Office work isn’t thought of as physically difficult, but office workers can be vulnerable to hand and wrist injuries from overuse at work. While these injuries usually aren’t permanently and substantially disabling, these injuries can lead employees to lose wages and rack up thousands of dollars in medical bills.
Yet many clerical workers are reluctant to bring workers’ compensation claims. I think there are at least five reasons why office workers don’t claim workers’ compensation for hand injuries and wrist injuries.
Hand injuries aren’t thought of as serious injuries – According to some Wasington DC think tank, carpal tunnel syndrome doesn’t count as a serious work injury. This conclusion reflects common attitudes that carpal tunnel isn’t a serious injury. If you don’t think an injury is serious, then you won’t seek treatment for the injury or seek to put it under workers’ compensation.
Workers don’t understand causation standards – In Nebraska, occupational factors merely need to contribute to the development of an injury or medical condition for it to be considered by workers’ compensation. Work duties can also aggravate an old injury. There is a misconception that an injury or condition has to be new or mostly caused by work to covered by workers’ compensation.
Workers don’t understand that repetitive use injuries are work injuries – When many people think of an injury they think of a fall or collision that happens at a distinct point in time. But in Nebraska injuries that develop over a period of time can be covered by workers’ compensation.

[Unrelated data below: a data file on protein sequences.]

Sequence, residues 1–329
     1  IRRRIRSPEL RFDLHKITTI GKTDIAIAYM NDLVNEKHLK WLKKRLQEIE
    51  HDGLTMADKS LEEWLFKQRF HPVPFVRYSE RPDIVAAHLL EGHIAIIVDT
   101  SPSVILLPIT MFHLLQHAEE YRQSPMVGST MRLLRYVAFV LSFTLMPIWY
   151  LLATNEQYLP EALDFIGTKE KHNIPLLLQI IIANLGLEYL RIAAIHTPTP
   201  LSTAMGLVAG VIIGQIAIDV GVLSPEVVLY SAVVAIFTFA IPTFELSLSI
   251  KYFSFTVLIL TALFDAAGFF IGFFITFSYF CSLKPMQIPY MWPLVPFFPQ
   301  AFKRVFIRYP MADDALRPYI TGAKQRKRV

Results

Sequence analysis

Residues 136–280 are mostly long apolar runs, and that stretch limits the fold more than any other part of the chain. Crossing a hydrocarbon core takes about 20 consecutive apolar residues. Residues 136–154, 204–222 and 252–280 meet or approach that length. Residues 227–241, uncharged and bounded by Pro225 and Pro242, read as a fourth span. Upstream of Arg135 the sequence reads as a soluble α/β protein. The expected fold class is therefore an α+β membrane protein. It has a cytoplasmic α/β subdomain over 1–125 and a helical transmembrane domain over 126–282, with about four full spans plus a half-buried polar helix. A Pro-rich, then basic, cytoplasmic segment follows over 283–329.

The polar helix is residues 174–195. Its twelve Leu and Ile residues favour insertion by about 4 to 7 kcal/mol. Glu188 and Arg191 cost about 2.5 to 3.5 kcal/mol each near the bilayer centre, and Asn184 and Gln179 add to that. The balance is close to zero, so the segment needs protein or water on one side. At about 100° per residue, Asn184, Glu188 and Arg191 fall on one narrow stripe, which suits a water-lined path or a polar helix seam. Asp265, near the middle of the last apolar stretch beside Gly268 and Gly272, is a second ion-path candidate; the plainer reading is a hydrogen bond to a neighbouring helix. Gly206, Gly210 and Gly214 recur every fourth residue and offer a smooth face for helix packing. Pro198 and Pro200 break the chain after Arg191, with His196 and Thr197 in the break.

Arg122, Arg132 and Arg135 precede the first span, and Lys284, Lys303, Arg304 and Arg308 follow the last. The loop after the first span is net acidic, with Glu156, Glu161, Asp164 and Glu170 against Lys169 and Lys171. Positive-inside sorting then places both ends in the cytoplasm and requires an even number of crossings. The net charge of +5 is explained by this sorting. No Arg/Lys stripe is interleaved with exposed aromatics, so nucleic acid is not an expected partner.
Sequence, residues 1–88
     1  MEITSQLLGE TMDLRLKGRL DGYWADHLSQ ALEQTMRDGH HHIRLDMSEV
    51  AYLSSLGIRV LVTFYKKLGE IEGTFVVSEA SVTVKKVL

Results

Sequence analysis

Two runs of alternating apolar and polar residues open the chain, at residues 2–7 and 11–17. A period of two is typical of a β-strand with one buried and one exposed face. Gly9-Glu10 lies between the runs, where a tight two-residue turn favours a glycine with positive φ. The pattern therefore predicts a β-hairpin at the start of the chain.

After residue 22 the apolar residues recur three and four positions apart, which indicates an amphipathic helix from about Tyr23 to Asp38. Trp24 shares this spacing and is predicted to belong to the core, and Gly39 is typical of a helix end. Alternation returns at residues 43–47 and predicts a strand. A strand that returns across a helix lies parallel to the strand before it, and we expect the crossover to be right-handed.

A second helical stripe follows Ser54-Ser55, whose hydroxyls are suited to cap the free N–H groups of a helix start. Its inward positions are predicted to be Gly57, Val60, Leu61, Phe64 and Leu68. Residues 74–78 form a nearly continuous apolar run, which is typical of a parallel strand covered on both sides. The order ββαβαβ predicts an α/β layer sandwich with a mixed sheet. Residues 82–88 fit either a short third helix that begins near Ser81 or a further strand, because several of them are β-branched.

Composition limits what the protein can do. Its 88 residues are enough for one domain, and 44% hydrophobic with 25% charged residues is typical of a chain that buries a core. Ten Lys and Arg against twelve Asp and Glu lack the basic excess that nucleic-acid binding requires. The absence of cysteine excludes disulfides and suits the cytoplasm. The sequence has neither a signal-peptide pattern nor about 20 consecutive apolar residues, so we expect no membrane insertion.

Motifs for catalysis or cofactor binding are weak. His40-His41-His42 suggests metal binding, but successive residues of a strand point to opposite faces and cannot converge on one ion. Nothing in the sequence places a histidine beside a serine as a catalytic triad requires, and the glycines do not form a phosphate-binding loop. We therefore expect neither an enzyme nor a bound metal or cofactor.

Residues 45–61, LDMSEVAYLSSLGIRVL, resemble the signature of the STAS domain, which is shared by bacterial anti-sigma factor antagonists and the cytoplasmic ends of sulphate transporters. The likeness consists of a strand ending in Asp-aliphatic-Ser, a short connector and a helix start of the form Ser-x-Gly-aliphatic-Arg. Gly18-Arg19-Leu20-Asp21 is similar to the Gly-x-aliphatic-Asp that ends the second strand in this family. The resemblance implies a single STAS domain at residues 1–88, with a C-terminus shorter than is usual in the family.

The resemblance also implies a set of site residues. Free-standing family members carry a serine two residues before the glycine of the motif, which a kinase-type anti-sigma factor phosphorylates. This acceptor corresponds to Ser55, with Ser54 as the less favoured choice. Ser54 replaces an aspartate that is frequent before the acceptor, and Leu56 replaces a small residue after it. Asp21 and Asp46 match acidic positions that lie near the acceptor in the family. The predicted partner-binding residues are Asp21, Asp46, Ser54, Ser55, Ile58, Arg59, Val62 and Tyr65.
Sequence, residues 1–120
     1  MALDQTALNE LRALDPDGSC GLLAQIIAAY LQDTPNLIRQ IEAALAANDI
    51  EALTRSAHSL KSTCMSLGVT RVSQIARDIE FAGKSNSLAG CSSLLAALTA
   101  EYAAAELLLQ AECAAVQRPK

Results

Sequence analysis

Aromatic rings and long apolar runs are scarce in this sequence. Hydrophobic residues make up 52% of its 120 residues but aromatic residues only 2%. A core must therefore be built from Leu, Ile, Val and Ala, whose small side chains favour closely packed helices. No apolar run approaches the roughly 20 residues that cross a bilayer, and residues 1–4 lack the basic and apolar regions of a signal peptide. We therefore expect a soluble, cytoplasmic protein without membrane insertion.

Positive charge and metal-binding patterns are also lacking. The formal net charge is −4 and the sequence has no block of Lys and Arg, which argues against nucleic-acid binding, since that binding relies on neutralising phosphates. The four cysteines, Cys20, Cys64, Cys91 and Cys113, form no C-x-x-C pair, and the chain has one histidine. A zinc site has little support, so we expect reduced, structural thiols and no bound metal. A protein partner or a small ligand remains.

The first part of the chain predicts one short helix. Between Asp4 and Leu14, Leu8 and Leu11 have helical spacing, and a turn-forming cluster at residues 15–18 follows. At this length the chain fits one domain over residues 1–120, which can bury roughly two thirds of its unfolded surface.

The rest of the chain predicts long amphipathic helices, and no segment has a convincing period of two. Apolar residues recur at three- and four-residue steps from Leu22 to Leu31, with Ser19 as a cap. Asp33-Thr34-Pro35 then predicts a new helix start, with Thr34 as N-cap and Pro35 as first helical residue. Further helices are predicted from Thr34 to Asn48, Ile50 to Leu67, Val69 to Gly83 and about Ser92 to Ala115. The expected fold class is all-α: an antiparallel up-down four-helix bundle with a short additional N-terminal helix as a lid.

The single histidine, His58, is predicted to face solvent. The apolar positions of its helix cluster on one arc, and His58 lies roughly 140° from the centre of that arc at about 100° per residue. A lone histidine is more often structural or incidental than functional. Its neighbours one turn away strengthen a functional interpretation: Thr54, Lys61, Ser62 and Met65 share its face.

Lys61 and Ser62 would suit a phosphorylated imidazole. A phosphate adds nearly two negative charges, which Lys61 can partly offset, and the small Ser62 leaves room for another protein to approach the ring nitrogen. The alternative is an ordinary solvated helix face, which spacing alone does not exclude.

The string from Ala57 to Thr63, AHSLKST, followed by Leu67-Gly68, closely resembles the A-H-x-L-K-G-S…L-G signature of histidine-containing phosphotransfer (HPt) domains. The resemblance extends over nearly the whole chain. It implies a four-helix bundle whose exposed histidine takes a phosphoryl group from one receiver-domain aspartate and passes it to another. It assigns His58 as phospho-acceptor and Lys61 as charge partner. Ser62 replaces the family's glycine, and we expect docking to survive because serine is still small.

The stigma of filing for workers’ compensation claims – I’ve written about a lot over concerns about retaliation for bringing claims and the perception that workers’ compensation claims are fraudulent. Colorado attorney Mack Babcock wrote a thoughtful post about how the stigma of filing a workers’ compensation claim discourages employees from claiming workers’ compensation. Employees feel guilty about making claims and are often criticized by co-workers for making claims as well. Employees may customarily pay the costs of a work injury through a short-term disability policy and private health insurance, so an employee who claims workers’ compensation may be rocking the boat.
The first four factors aren’t exclusive to office workers. But I think this next factor explains why many clerical employees don’t bring claims for hand injuries due to overuse.
Cost of work injuries shifted onto private disability and health insurance – I drive past major claims processing centers for Allstate and State Farm when I drive up 84th Street on the way to Omaha. My experience is that the clerical workers who develop hand injuries doing data entry jobs in large companies will often claim short-term disability for time lost after surgery and put medical costs on private health insurance instead of claiming workers’ compensation. I think the four other factors I discussed above lead employees to use short-term disability and health insurance instead of workers’ compensation.
In my next post, I will discuss the why and how of employees losing money by not claiming injuries as workers’ compensation injuries and what they can do if they have paid the costs of their work injury through health insurance and disability insurance.
Pingback: Claiming workers' comp, when short-term disability has paid for time off because of a work injury - Workers' Compensation Watch
Pingback: Pennsylvania court narrowly interprets workers' comp. retaliation - Workers' Compensation Watch